The President claims that as a young man he’d get the Elvis comparisons all the time.
President Trump posed what might go down for music lovers as his greatest reach yet, on Monday, November 26, when during a nighttime rally held in support of Sen. Cindy Hyde-Smith, he informed a sea of Mississippians that there was a time in which he was commonly reminded of a resemblance that folks believed he shared with Elvis Presley.
MSN reports that the President opened up his address at Tupelo Regional Airport by invoking Elvis’ name. Most would agree that such homage was fitting considering Tupelo is the birthplace of the Rock and Roll king. But what many haven’t seemed to find themselves on the same page about is what anybody with two eyes could possibly see in Donald Trump that brings the presence of the one-and-only Elvis Presley to mind. At the risk of coming off as conceited, Trump conceded that while it couldn’t have been the hair, for a time there must have been something there.
“When I was growing up, they said I looked like Elvis,” USA Today quotes Trump as saying to chuckles from the crowd. “Can you believe it? I always considered that a great compliment.”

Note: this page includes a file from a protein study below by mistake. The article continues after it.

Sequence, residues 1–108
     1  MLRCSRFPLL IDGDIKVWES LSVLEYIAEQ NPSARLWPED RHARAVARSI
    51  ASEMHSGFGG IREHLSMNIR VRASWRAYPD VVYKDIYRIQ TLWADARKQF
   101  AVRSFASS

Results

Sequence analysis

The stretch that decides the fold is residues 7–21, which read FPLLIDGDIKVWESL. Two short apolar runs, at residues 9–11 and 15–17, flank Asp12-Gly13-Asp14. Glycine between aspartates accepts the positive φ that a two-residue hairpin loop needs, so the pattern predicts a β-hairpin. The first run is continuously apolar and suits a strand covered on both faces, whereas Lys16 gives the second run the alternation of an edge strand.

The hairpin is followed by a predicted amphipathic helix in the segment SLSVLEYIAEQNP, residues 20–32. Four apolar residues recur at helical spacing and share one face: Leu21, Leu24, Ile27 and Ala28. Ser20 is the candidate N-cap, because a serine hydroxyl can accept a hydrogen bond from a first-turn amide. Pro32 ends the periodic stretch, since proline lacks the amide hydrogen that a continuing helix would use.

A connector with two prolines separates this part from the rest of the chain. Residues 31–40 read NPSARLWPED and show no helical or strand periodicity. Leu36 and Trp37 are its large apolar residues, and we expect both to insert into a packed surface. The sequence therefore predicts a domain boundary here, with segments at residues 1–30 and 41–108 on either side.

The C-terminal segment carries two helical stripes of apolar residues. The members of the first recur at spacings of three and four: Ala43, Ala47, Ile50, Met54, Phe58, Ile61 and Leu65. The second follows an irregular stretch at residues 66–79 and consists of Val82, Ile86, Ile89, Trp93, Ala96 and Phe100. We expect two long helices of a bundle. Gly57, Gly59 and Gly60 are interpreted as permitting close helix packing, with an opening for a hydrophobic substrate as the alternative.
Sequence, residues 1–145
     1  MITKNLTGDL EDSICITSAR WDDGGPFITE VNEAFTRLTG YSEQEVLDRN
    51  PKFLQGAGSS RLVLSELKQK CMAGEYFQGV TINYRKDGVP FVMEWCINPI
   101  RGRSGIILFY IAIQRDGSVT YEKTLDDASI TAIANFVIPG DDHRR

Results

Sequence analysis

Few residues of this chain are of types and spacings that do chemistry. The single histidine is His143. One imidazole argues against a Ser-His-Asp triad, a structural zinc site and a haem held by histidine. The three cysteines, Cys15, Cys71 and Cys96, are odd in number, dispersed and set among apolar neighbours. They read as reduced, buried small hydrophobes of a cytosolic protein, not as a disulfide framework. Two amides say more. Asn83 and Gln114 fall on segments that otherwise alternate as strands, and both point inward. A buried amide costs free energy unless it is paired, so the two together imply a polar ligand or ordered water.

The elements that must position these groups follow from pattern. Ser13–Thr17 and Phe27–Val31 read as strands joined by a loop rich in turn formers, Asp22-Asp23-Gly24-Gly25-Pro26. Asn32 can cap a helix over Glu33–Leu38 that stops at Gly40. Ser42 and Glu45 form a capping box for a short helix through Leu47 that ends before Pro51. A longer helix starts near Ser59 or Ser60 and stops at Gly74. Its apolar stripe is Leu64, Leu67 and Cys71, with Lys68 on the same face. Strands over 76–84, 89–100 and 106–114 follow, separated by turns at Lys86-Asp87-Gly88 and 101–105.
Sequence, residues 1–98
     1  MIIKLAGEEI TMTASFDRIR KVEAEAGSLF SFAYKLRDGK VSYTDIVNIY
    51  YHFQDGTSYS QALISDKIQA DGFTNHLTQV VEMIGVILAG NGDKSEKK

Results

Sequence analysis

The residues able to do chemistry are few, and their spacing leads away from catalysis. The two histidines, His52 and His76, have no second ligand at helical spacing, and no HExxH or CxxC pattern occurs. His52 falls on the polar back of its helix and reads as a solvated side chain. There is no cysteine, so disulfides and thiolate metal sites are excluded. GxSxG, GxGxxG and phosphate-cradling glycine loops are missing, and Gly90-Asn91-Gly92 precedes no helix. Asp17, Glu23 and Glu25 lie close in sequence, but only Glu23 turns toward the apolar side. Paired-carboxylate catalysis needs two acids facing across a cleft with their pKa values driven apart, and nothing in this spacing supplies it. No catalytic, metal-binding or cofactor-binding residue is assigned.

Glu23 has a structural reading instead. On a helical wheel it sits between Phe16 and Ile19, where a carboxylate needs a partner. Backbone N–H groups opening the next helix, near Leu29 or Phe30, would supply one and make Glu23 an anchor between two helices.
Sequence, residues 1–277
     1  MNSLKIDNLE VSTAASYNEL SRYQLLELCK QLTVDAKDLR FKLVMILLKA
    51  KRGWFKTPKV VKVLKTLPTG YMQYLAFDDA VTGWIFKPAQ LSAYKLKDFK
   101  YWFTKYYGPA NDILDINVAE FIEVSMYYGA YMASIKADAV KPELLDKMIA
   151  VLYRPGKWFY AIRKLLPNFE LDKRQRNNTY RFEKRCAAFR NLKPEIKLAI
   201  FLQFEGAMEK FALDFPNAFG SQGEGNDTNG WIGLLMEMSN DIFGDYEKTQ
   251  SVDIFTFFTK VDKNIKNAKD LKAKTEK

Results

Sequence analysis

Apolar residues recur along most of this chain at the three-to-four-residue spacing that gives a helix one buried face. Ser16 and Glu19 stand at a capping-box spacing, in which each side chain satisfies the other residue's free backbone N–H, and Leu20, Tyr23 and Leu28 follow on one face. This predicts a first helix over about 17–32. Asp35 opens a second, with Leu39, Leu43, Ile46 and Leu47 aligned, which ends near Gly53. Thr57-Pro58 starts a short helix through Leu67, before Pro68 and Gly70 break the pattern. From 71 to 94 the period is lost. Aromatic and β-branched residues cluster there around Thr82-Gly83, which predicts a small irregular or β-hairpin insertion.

President Trump them went on to profess his affinity for the late American icon, before jogging the memory of attendees who got a chance to watch as he posthumously dedicated the Presidential Medal of Freedom in his name less than two weeks ago.
“After redefining music in the ’50s and redefining cinema in the ’60s, ‘The King’ – as he was known by everybody – everybody, to this day, they call him ‘The King’ – revolutionized live performances in the 1970s,” viewers will recall Trump stating in part during the prestigious ceremony.
Elvis would prove to be something of a running theme in Trump’s speech. He’d even pull reference to the rocker up in passing – at one point blurting that “They’re not going to put in Elvis in there,” while chastising the caravan of migrants who’ve begun to arrive at the U.S.-Mexico border with the objective of claiming asylum. It was a remark that didn’t go over well with critics who were already taking issue with President Trump going to bat for a candidate who has been under fire for dressing in a Confederate uniform and openly declaring that she’d gladly sit front row at a “public hanging.”
Pandering to the cultural pride of his base is a strategy that has worked for the President throughout his tenure in office, and it apparently didn’t hurt when it came to boosting Sen. Hyde-Smith, who would go on to defeat her Democratic opponent Mike Espy in their Tuesday run-off, according to the Daily Beast.
Source: Read Full Article